COLOMBO – Sri Lanka’s Parliament on Thursday passed a law installing a powerful economic commission to administer a huge Chinese luxury oceanside development after altering elements of the bill ruled unconstitutional by the country’s top court.
The bill to create the Colombo Port City Economic Commission passed with a 149-58 vote in Sri Lanka's 225-member Parliament.
The CHEC Port City Colombo company, a unit of China Communications Construction Company, invested $1.4 billion for reclamation of land and construction of infrastructure adjacent to the Port of Colombo.
In return, it obtained the right to use 62 hectares (153 acres) of marketable land on a 99-year lease from the Sri Lankan government, according to the project’s website. The planned project includes an integrated resort and casino and conference center zone, a marina, residential developments, a financial zone and green spaces.
The project has raised concerns in Sri Lanka and neighboring India that the development could become a virtual Chinese outpost or colony.
Sri Lanka’s government sees the project as a lifeline for an economy hit hard by the coronavirus pandemic.
Sri Lanka’s Supreme Court decided that some elements of the bill conflicted with the constitution, saying some clauses would need approval in a public referendum to become law. The highest court also suggested ways to amend the bill so it would conform with the constitution.
The government in response amended the bill so that a majority of the five to seven commission members appointed by the country's president will be Sri Lankan. The government rejected an opposition proposal to have part of the commission's funds allocated by Parliament to ensure that the commission stays under state supervision.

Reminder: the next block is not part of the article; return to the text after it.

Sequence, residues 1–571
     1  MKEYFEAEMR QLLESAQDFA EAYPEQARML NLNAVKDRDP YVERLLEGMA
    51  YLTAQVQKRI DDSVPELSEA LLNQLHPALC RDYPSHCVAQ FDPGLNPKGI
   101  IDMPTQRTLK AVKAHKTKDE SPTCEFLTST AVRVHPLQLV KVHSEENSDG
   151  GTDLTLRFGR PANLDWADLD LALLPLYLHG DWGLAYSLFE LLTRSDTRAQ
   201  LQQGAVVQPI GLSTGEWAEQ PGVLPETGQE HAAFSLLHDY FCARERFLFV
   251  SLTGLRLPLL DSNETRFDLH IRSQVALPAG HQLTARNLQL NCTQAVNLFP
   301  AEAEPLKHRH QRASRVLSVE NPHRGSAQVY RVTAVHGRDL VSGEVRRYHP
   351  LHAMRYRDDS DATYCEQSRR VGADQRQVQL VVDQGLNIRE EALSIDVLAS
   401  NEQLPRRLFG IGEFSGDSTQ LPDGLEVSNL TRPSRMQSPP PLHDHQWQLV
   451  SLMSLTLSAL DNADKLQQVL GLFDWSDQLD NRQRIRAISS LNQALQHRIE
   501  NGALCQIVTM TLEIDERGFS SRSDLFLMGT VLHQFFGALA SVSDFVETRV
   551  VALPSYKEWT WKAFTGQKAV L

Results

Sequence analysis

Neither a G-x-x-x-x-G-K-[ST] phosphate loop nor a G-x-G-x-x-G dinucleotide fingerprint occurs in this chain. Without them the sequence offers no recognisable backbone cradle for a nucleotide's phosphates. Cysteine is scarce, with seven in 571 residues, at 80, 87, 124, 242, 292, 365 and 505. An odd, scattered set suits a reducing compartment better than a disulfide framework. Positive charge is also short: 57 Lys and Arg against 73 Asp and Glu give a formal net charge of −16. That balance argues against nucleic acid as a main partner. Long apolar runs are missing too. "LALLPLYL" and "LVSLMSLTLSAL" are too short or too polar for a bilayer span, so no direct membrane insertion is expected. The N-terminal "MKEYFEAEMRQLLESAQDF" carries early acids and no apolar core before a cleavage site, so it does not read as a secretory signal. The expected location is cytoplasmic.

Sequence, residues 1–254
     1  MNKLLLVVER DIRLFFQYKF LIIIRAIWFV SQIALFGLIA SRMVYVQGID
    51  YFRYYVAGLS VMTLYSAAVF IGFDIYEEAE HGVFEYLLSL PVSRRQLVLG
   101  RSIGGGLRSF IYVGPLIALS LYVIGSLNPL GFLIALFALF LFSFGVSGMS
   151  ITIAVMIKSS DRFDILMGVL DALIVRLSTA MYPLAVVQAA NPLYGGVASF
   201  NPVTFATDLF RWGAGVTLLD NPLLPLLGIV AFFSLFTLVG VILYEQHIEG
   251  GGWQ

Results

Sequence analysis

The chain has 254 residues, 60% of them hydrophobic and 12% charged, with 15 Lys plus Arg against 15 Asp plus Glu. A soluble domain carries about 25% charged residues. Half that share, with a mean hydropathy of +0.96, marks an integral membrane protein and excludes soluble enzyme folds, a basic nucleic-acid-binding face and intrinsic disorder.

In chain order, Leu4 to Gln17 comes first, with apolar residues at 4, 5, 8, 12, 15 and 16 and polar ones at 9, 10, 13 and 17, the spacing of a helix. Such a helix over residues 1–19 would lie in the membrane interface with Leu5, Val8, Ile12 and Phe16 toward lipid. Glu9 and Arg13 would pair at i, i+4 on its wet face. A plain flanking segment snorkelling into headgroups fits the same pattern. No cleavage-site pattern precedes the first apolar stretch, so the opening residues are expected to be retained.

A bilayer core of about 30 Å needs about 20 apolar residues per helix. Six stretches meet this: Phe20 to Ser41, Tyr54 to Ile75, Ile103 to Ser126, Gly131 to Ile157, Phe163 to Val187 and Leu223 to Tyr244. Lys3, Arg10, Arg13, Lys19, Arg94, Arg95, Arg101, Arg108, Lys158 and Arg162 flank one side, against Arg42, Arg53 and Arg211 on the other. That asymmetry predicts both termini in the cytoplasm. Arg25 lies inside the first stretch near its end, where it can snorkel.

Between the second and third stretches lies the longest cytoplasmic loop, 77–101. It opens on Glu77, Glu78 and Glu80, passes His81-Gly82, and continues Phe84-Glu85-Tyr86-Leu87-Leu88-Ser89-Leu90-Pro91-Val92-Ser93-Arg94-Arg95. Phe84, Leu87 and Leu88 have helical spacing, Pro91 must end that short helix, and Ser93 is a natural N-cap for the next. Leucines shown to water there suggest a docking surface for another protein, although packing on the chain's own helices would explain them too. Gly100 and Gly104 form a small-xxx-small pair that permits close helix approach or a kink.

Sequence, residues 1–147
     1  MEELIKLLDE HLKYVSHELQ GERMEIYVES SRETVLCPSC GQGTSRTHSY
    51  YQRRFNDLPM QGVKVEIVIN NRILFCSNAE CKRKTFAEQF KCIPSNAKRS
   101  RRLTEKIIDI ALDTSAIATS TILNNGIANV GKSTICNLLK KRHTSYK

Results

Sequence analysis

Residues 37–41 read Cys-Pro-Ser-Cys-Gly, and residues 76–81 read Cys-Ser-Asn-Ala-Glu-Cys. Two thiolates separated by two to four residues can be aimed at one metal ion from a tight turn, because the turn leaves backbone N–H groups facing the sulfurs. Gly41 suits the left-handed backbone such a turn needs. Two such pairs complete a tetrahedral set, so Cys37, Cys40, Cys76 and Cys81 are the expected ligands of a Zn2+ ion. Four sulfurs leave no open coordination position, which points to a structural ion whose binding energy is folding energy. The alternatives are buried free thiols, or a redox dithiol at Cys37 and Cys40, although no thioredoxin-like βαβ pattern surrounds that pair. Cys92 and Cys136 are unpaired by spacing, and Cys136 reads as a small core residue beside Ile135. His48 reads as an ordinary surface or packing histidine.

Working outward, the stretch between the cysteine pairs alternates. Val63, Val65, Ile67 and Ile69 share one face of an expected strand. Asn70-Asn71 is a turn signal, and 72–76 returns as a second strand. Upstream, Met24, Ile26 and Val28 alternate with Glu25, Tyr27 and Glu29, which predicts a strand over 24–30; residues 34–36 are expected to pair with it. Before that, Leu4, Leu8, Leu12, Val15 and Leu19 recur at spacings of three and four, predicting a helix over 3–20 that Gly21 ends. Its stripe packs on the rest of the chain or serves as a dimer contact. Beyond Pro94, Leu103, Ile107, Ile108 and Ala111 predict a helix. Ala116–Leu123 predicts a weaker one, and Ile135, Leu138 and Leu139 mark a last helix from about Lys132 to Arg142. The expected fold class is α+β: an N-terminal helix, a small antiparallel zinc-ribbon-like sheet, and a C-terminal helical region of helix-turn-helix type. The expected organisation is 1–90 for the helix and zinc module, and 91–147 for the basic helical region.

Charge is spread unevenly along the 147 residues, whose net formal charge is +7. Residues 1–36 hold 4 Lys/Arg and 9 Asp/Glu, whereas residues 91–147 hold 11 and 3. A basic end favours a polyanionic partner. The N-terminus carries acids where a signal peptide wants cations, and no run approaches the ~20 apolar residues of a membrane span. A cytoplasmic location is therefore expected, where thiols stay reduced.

The law retained clauses giving the the commission the power to make rules and create businesses exemptions from laws related to taxes, customs, betting and gaming levies, employee terminations, entertainment taxes, foreign exchange and casino businesses.
China has provided billions of dollars in loans for Sri Lankan projects over the past decade — including a seaport, airport, highways, power stations and the port city. But that debt has deepened Sri Lanka’s debt burden.
Sri Lanka leased a Chinese-built port in the city of Hambantota, which is near the world’s busiest east-west shipping route, to a Chinese firm in 2017 for 99 years in a bid to recover from the heavy burden of repaying a loan the country took to build the facility.